Another method of reporting is to use a cause-map for each system. This is a more graphical approach and can be harder to capture electronically without some experience in that process, but in many cases it allows for an easier understanding of what’s happening by others outside the FRACAS process. A simple version would be a basic drawing or picture of the system or machine in question with text boxes treeing out from the points of failure. These boxes can subsequently branch into further causes or effects creating a sort of cloud of failure modes around the equipment in the middle.
Having all the methods of failure listed out in an organized way now allows for a team of subject matter experts to review and notice trends. Having an experienced group reviewing the data allows for a fair amount of history to come into play as well. Every plant has at least one machine with an established record of breaking down and having a team of people most familiar with those sorts of incidents is vital to a successful analysis phase.
With that, it’s also important to distinguish between chronic failures and one-off events. There can be a tendency to focus on notable or particularly catastrophic events and try to prevent that same specific set of circumstances from happening again. While important to consider all possibilities, sometimes material failure is such a freak occurrence that there is no practical lesson to be learned.
Parallel with failure analysis is performing a criticality assessment. When combined with the structured cascade of equipment, subcomponents, and failure modes, a criticality assessment will help determine how detailed the analysis team should go in assigning corrective actions. Criticality should be defined by a combination of price to repair or replace, cost of labor to repair or replace, and effect of downtime on the system or plant as a whole.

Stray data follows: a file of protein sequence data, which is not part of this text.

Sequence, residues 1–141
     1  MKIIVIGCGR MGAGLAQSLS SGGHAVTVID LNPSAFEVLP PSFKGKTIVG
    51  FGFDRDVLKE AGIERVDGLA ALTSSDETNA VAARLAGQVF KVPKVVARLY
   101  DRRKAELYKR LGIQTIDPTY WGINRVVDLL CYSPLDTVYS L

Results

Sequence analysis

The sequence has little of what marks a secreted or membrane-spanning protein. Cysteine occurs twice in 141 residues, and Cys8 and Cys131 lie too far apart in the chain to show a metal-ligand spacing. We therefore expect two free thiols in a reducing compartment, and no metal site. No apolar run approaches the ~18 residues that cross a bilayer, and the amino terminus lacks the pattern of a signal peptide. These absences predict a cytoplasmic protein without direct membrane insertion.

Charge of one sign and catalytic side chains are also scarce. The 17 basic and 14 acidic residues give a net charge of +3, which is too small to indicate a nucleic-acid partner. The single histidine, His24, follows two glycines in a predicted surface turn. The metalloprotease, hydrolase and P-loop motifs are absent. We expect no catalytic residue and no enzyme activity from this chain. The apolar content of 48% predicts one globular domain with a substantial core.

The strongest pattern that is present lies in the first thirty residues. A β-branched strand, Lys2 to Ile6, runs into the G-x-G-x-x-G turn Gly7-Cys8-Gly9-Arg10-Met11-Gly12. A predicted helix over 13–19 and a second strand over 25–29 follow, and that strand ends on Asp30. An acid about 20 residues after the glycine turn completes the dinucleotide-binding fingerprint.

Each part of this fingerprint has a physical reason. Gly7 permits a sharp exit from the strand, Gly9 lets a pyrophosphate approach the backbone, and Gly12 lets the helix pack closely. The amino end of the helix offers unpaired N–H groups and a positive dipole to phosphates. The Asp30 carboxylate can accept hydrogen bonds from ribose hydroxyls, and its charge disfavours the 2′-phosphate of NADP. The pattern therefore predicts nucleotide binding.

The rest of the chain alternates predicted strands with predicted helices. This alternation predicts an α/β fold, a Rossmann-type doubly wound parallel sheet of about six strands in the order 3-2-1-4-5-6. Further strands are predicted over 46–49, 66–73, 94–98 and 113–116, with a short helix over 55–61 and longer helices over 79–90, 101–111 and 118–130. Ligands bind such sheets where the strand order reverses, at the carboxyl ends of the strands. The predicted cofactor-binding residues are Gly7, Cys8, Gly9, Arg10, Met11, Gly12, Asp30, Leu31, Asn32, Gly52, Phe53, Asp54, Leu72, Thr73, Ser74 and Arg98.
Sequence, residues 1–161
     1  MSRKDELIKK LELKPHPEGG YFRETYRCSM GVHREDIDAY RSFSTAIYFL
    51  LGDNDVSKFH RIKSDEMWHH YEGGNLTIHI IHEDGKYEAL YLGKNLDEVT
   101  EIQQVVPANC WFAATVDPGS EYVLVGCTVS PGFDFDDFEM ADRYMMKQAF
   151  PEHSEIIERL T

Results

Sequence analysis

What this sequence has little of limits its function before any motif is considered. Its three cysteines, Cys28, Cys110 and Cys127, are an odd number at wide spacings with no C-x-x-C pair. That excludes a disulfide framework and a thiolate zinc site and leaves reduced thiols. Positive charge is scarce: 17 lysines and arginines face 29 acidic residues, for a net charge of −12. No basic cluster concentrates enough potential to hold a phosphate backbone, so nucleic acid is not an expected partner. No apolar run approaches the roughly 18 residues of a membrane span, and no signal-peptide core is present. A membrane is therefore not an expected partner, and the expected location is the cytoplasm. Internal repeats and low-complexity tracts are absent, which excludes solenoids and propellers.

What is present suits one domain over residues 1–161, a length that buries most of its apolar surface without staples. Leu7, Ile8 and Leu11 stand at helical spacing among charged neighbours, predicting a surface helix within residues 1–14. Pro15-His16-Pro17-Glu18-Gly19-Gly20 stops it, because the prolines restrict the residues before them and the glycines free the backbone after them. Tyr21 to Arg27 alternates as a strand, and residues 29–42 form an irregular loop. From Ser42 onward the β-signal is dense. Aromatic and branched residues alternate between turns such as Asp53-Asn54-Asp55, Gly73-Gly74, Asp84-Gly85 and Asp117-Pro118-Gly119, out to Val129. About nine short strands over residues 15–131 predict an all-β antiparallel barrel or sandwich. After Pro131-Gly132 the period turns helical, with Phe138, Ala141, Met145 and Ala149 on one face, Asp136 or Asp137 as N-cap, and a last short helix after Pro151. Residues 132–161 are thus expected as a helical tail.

In the lean/Six Sigma world, there’s been a strong focus on reducing inventory and having just-in-time deliveries of products or material to save on storage costs. Applying a criticality analysis to your system will let you see which machines or components need ready-spare replacements on the shelf and which can afford to be ordered as it happens. This also helps decide how long a failing machine can be allowed to operate in that state.
Consider a machine that would require the whole system to be shut down but could be fixed in two days with a part already on hand versus operating that same system at 90 percent through the end of the month while waiting on a replacement machine to arrive that can be swapped in instantaneously. Ninety percent efficiency seems like the way to go, but having the full use of the system for 28/30 days is more than 93 percent, a not insignificant increase in plant output for that timeframe. A thorough criticality assessment will help list out these sorts of actions to be weighted against the eventual corrective actions list.